These were powerful arguments that Judge Anita Brody did not rule on, but based on legal precedents, there was good reason to believe that the Judge could dismiss our case. Chris Seeger and the other lawyers representing us were concerned that if we did not win that ruling, our case would be severely damaged. 

Chris also said that in addition to Preemption, there were also issues pertaining to the Statute of Limitations, Assumption of Risk and the big issue of Causation. What caused our injuries? When did we get injured? Could former players prove that their brain injuries were solely the result of their play in the NFL? What about injuries sustained in Pee Wee, Pop Warner, high school and college? There is no doubt that these arguments and legal challenges would also be raised by the NFL lawyers. They could also bring into evidence any other mitigating factors like alcohol and drug abuse, family histories of mental illness and injuries sustained outside of football. Physician records could and would be subpoenaed. 

Under the proposed Settlement, we don’t have to show that our injuries were caused by football. That is a very important aspect of the agreement.

This may not be the best Settlement we could have hoped for, but if the agreement is approved by the Judge, I will not take the chance of opting out and fighting another 5 or 10 years – especially when the outcome is so uncertain. I would recommend that all former players carefully consider their options in this case, before they make any final decisions about opting out. 

Some of our alumni brothers are still uncertain about the Settlement and have been misinformed about many of the provisions that are in the proposal. In order to fully inform as many players as possible, my good friend and lawyer, Craig Mitnick has started visiting some of the NFL Alumni Chapters to discuss the proposed Concussion Settlement.   

I should note that in one of my most recent articles, I said that it did not appear that the Settlement would be compensating players for mild or “moderate” cognitive impairment – or treatment for those injuries. 

In our meeting, Chris Seeger informed me that although the press release on the proposed Settlement did not thoroughly cover those issues, it does in fact cover “moderate” impairment under Dementia and “treatment services” for players that need it now and in the future. He said that those details would be forthcoming when the Judge makes preliminary approval of the Settlement. 

The Judge is not allowing Mr. Seeger, or the other attorneys in this case, to discuss some of the finer details of the proposed Settlement, but he has assured me that the amount of money set aside will be enough to cover former players that are diagnosed with severe cognitive impairments. Those payments will be based on a specific schedule that includes not only the severity of the injury, but also the age of a player and how many years they played in the NFL.  The Judge has hired independent analysts to make sure that the financial aspects of the agreement are solid.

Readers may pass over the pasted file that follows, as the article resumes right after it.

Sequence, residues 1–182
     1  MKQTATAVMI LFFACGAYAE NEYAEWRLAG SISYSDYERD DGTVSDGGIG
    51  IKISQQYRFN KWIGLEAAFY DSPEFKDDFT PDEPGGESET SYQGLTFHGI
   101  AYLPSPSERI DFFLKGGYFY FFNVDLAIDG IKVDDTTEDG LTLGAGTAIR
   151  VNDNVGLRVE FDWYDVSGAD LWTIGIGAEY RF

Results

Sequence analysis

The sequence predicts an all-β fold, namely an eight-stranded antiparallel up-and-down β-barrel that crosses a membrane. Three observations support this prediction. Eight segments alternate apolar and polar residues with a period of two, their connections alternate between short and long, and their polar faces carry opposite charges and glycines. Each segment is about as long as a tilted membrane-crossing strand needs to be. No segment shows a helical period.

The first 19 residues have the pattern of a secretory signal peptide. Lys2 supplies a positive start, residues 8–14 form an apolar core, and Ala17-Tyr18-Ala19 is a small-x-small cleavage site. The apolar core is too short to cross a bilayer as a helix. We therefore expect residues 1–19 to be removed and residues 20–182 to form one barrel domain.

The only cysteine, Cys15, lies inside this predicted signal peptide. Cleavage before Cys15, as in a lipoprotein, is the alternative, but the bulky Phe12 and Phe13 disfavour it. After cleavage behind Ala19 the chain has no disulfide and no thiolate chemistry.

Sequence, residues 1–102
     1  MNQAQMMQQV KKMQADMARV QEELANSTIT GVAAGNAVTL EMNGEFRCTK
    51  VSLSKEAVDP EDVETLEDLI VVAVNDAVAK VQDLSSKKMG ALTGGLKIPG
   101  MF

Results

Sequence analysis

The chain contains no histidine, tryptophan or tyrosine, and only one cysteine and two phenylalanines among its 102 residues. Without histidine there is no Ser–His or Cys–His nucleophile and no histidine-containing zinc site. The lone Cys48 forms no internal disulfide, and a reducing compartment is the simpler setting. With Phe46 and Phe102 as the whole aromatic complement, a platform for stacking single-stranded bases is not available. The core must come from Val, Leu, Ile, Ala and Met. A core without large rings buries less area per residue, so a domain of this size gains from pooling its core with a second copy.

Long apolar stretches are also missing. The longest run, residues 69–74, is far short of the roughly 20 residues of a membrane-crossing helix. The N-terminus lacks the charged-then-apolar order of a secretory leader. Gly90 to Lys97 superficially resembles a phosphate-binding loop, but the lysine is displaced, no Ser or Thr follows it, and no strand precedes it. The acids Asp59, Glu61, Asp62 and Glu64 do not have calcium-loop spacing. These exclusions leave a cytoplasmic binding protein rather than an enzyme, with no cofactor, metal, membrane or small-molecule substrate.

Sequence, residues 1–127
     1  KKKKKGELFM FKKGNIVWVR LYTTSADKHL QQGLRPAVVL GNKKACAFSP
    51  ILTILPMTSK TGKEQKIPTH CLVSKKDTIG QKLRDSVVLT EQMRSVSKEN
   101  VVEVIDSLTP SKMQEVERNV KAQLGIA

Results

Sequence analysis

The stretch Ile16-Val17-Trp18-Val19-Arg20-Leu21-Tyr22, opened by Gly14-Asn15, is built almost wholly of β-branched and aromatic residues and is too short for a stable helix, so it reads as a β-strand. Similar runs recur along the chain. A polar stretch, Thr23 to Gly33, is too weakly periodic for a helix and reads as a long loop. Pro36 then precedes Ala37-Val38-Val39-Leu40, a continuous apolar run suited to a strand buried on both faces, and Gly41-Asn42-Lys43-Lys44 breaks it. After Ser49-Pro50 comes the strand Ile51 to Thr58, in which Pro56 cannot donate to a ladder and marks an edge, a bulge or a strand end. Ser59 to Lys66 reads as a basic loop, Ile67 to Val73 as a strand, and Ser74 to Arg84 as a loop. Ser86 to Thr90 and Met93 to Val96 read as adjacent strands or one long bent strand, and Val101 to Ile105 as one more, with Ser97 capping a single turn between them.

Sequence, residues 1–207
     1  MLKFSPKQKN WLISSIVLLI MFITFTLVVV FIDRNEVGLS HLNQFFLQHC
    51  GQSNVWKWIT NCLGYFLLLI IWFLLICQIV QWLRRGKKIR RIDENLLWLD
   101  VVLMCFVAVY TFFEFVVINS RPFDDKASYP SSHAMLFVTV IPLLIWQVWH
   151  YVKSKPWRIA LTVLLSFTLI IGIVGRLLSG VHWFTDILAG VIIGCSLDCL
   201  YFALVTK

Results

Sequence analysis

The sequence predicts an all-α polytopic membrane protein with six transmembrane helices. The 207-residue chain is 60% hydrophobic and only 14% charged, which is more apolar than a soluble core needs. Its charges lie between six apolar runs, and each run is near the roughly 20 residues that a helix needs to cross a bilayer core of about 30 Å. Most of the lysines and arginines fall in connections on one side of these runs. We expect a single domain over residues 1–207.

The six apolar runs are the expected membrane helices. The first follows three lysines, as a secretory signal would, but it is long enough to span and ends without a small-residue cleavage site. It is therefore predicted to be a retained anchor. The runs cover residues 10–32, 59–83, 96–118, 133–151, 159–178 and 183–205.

Once Judge Brody is satisfied with the proposed Concussion Settlement, it is likely she will approve it and then order the proposal to be sent to all former players that are part of the Settlement. Former players will then have an opportunity to be a part of the class, object, or opt out. 

There will be some players that decide to opt out because they don’t currently have dementia, Alzheimer’s, ALS or Parkinson’s, but keep in mind, the Settlement will cover you if you develop these neuro-cognitive impairments later in life. 

Some former players will opt-out because they truly believe the case can be tried and won – and that there will be better compensation for them if they win.  It will be a risky proposition, but I wish them the best. 

I, for one, will not stand in the way of this Settlement because first and foremost, it will be the fastest way to compensate the men that are most severely affected by brain injuries they have sustained and are suffering from now and in the future.   

Your Alumni brother, 

Jeff Nixon



About Jeff Nixon

Jeff was a first team consensus All-American from the University of Richmond in 1978. He is 7th in NCAA history with 23 career interceptions. Played for the Buffalo Bills 1979-1984. Led the team with 6 interceptions in Rookie Year. Holds Bills record for 4 takeaways in a single game - 3 interceptions and a fumble recovery. Tied Bills record with four consecutive games with an interception. After 5 knee surgeries Jeff retired from pro football in 1985. He worked for 13 years (1988-2000) as the Youth Bureau Director for Buffalo and Erie County. He has worked for the past 11 years as the Youth Employment Director for Buffalo. Plays guitar and was voted best R&B guitar player by Buffalo Nightlife Magazine in 2006, 2007 and 2008.

Posted on January 18, 2014, in Uncategorized. Bookmark the permalink. Leave a comment.